Of all the features and qualities a car can have, reliability is perhaps the most important. If you have a vehicle that lasts, you can save money for the long haul.
Consumer Reports’ auto reliability data show which brands consumers can count on.
Which Car Brands Are the Most Reliable?
The report, published in November 2022, is comprised of data collected from surveys of Consumer Reports members’ experiences with more than 300,000 vehicles.
The publication notes that owners reported on 17 problem areas, including issues with in-car electronics, engine, and transmission issues.
Here are some key findings from the report:
- Seven of the top 10 most reliable brands are from Asian automakers, with Toyota and Lexus in the top two spots.
- The highest-ranking U.S. car brand, Lincoln, comes in at #10, which is 14 spots higher than it was in the previous survey.
Consumer Reports says that, due to insufficient data, the rankings do not include the following brands: Alfa Romeo, Dodge, Fiat, Infiniti, Jaguar, Land Rover, Maserati, Mini, Mitsubishi, Polestar, Porsche and Rivian.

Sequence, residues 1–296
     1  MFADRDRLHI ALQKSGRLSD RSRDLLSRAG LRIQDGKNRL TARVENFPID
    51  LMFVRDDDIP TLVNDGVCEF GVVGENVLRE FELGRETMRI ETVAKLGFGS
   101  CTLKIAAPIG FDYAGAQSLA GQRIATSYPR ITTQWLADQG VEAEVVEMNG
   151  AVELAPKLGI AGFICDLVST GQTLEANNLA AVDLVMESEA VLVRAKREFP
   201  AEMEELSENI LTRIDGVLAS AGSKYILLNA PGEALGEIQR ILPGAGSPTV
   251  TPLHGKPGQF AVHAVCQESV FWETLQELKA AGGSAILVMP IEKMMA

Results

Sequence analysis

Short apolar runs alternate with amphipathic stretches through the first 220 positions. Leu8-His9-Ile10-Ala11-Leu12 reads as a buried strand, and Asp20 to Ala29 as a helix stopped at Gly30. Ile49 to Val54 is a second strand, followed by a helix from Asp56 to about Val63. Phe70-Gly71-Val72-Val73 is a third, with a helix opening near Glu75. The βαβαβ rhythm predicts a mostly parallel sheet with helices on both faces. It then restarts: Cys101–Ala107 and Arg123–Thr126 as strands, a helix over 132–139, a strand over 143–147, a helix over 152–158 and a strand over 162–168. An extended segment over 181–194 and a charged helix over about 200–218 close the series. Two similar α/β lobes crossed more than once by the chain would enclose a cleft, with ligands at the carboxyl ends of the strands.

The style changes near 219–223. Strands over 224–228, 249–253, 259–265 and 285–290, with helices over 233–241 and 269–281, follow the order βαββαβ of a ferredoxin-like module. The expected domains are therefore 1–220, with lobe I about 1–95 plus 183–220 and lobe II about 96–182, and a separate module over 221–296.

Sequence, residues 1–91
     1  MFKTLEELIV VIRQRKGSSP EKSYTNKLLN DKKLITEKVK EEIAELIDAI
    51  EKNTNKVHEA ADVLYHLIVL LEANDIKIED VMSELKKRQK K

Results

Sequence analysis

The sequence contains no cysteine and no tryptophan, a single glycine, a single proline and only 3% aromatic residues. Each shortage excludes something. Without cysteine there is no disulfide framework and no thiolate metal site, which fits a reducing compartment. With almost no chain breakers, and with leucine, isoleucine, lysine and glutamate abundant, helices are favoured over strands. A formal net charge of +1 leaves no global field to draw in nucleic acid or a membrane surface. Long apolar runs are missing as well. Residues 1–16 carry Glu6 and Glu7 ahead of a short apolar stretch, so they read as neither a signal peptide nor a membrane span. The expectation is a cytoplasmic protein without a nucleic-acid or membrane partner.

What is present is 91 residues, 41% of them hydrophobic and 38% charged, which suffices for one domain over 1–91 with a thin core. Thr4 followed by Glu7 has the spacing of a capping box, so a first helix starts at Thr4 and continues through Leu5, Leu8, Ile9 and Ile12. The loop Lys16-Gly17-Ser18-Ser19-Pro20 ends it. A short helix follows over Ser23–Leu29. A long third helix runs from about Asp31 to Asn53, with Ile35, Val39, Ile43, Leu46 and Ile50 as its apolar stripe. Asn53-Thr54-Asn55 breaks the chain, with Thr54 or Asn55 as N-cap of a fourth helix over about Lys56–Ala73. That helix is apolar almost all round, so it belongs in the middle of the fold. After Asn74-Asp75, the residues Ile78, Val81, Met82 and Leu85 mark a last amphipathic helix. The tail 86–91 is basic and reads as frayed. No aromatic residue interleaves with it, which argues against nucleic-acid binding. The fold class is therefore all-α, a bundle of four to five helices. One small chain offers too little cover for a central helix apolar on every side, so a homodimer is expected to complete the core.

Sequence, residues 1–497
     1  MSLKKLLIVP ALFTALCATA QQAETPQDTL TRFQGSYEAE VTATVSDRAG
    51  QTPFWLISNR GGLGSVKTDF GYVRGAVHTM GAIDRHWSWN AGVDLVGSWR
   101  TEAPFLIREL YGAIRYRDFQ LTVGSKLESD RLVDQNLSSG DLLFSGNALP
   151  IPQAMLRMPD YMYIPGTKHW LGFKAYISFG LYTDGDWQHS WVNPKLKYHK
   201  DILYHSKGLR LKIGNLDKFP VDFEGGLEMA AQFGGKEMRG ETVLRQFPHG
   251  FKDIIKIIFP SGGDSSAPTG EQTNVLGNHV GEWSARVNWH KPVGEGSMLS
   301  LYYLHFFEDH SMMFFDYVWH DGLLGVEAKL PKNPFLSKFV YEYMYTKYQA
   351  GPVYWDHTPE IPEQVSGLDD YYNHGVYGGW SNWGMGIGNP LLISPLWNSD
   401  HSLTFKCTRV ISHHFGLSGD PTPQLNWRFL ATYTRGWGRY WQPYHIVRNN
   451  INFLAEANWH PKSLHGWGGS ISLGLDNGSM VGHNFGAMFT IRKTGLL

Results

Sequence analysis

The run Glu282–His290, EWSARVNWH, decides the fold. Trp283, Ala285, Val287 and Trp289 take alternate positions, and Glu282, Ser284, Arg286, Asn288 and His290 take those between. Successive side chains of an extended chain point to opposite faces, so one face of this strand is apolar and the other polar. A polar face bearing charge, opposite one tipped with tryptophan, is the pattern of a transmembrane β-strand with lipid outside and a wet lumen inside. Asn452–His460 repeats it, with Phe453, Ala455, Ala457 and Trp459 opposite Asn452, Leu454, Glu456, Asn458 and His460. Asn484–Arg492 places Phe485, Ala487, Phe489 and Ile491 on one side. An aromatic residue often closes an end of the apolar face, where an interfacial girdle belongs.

Let’s take a look at Consumer Reports’ most reliable car brands. The ratings are scored on a 100-point scale with the average scores falling between 41 and 60 points.
Here Are the Top 10 Most Reliable Car Brands
Read Consumer Reports’ full car reliability rankings (subscription required).
No matter what brand you prefer, money expert Clark Howard wants you to save as much money as you can on your next vehicle purchase.
Clark noted in a recent podcast that the current car market is starting to improve.
“As I promised back in my beginning-of-the-year predictions, I said in the back half of 2023 we are going to see significantly better prices on vehicles and that is absolutely going to play out,” Clark says. “You’re going to lose some of that benefit though because interest rates on vehicle loans are so much higher now, but the trend is your friend.”
Although the price drops are great news, it still doesn’t mean that the vehicle market has stabilized. Until that happens, Clark wants you to do one of two things:
- Wait until car prices normalize before buying a car. If you can, try to keep your existing vehicle. Follow our simple vehicle maintenance guide.
- If you can’t wait, try to expand your vehicle search to find a better deal. Read how Clark saved thousands of dollars by widening his car search.